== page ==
California should adjust the signature requirement for recalling statewide office-holders and revise the recall election process to put the incumbent on the ballot against all challengers, urges the state’s independent government watchdog in its new report.
In Reforming the Recall the Little Hoover Commission evaluates the state’s recall process, examines the advantages and drawbacks of different recall reforms, and offers recommendations to strengthen the recall system.
“The recall is a popular tool of direct democracy that has been a significant component of the state’s electoral system for over a century,” says Commission Chair Pedro Nava. “We must keep the recall, but California must address fundamental flaws within current recall procedures that leave the system vulnerable to abuse and pave the way for a potentially undemocratic outcome.”
In its report, the Commission recommends that California change the signature requirement for recalling statewide office-holders from 12 percent of the vote in the last election for the office to 10 percent of registered voters. This adjustment will reduce fluctuations in the signature threshold as a result of differences in voter turnout between elections, providing greater consistency in the recall process. It will also increase the number of signatures required to initiate a recall election, discouraging overuse of the recall while keeping it accessible as a tool of electoral accountability.
The Commission further recommends that the state replace the existing two-part recall ballot with a “snap” special recall election. Under this system, the targeted official is placed on the ballot with all potential replacements.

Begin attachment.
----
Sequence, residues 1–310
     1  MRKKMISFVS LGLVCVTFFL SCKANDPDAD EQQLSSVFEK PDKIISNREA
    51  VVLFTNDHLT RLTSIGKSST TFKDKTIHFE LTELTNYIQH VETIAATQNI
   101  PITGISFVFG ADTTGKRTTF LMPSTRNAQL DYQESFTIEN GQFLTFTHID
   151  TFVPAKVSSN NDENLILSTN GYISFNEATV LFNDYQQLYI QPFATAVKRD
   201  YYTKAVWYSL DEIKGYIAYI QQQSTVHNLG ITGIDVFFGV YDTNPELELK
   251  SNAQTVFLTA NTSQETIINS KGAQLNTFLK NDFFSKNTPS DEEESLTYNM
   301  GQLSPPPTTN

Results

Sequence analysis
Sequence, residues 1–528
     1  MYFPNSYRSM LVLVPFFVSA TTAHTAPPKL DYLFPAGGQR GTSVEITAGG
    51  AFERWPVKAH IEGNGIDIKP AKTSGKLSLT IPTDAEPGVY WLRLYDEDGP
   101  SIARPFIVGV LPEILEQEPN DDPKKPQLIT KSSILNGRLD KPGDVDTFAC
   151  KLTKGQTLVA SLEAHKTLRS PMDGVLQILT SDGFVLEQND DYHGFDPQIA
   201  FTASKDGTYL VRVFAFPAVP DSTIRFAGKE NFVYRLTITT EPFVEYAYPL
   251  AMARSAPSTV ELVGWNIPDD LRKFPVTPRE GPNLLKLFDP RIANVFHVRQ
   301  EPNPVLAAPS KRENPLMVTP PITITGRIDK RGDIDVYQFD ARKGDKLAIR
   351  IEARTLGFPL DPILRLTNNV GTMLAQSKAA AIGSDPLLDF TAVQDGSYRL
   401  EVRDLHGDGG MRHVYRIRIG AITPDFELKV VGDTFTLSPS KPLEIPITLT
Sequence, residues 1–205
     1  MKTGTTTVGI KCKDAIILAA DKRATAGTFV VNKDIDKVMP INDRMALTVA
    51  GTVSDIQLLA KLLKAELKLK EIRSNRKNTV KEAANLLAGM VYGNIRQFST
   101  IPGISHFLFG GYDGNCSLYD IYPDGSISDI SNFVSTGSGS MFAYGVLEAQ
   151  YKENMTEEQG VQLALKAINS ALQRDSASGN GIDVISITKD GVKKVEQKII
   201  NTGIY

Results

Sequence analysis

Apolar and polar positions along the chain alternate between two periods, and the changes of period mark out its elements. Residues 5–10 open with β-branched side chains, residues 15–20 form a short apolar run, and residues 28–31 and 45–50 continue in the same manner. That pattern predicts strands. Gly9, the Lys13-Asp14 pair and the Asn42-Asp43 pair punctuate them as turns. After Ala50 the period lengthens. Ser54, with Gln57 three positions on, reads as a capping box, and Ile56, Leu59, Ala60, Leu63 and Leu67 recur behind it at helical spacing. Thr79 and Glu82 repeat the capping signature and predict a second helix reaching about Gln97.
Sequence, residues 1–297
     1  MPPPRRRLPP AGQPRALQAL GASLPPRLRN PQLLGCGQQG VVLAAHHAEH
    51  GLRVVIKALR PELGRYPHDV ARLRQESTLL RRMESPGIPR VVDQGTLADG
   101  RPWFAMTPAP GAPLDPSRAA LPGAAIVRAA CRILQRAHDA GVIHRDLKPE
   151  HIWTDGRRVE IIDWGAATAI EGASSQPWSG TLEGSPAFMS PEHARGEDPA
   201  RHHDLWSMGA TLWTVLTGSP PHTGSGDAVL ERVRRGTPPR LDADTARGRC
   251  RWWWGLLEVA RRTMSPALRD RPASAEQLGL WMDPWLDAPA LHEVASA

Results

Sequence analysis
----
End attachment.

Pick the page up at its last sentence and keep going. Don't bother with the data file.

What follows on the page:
“Under the current recall system a replacement candidate can win office even if they received fewer votes than the recalled incumbent,” says Chair Nava. “The core reason that the Commission supports the use of snap elections for recalls is that it would protect the democratic principle that the person who receives the most votes should win.”
The report follows a lengthy study process that included three public hearings at which Commissioners heard testimony from current and former elected officials such as Secretary of State Shirley Weber and former Secretary of State Bill Jones. The Commission also took testimony from a wide array of scholars and other experts, and received comment from more than 150 members of the public.
The Commission also outlines procedural reforms, which would give elections officials more time to administer elections and provide greater clarity around the recall process.
Several of the Commission’s recommendations—including those outlined above—must be approved by voters. The Commission urges the Legislature to propose recall reforms separately, to give voters the opportunity to pick which changes they think should be adopted.
“The Commission’s recommendations will bolster California’s recall system by helping the state better balance voters’ right to recall officials with protection for electoral integrity and democratic principles,” says Chair Nava.